Love in the digital age

Love in the digital age

From how couples meet to how they spend, people are experiencing shifting trends regarding love.

From dating to spending, Millennials and GenZs have presented new habits and ways towards living and expressing love.

When it comes to meeting ones soulmate, the intermediation of friends had been the best source of connections to others since the end of World War II, but it has been in decline for the most of the late 20th century, as online apps like Facebook, best for engaging on old acquaintances, and eHarmony, for compatible matches, strongly peak among younger generations, an increasingly large number of heterosexual and homosexual daters is opting to meet their partner online, according to surveys carried out and analyzed by Stanford University and reports from Pink News.

For heterosexuals, meeting though friends was the most important rom the end of World War II until 2013, when online hookups began surpassing as the main way to find a partner. For same-sex couples, a study called “disintermediating your friends,” carried out by Michael Rosenfeld and Sonia Hausen of Stanford University, and Reuben J. Thomas of the University of New Mexico, revealed that 65 % of same-sex couples that got together in 2017 met online. Researchers also found that the next most common way for same-sex couples to get together in the US, after meeting online, was in a bar or restaurant. The least common way was through church.

Now, before we start judging methods and criticize its questionable image, online dating isn’t all about casual sex and promiscuity according to a recent YouGov poll, which revealed that the most cited reason to use a dating app/website among Americans is finding an exclusive romantic partner. In fact every second respondent is looking for something serious online, while only 23% are chasing after more casual acquaintances.

A dark turn

However, as online hookups have peaked across generations, so have love scams, and it can cost quite a buck.

A  U.S. Federal Trade Commission (FTC) report found that the number of romance related scams have been on alarming rates over the past five years, with losses exceeding $230 million dollars annually, more so when age is not necessarily an impediment for this practice, as both younger generations and elders are a great target for these scams.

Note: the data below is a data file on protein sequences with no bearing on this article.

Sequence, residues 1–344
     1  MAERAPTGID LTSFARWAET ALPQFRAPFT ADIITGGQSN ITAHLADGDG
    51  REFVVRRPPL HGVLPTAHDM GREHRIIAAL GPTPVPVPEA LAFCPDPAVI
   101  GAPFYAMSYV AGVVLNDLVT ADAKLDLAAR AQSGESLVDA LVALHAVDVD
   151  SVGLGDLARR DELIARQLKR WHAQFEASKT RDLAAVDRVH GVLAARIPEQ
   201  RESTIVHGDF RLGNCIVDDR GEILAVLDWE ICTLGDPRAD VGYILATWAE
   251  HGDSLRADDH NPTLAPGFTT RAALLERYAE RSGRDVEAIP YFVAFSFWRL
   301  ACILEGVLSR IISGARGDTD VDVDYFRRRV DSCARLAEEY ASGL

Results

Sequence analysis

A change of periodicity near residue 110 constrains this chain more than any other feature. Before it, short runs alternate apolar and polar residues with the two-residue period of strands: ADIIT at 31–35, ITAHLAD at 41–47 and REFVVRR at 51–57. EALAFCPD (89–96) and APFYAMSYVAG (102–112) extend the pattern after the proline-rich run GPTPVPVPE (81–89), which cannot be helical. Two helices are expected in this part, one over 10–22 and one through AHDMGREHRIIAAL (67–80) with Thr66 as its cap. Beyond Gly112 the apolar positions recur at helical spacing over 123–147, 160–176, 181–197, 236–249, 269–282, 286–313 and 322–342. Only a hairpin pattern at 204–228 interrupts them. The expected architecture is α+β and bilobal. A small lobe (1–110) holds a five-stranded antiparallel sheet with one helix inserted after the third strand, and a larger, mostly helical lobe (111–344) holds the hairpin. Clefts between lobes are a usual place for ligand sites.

Read more about this CEO North America story here.

Valentine’s 2020 spending set to peak

The National Retail Federation (NRF) has forecast that Americans will fork over a total of $27.4 billion on cards, flowers, chocolates and candlelight dinners. That’s a record level of spending and represents a steep percent increase on 2018’s planned spending figure of $20.7 billion.

It adds that those celebrating the holiday said they plan to spend an average $196.31, up 21 percent over last year’s previous record of $161.96. Spending is expected to total $27.4 billion, up 32 percent from last year’s record $20.7 billion.

The unusually large increase in average spending appears to be due to strong consumer finances and a continued trend of consumers buying more gifts, cards, candy and flowers for friends, family, co-workers and pets. The increase in total spending comes as the number of people celebrating Valentine’s Day returned to 55 percent, about average for the past decade, after a dip to 51 percent last year, NRF reports.


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Mason Davis
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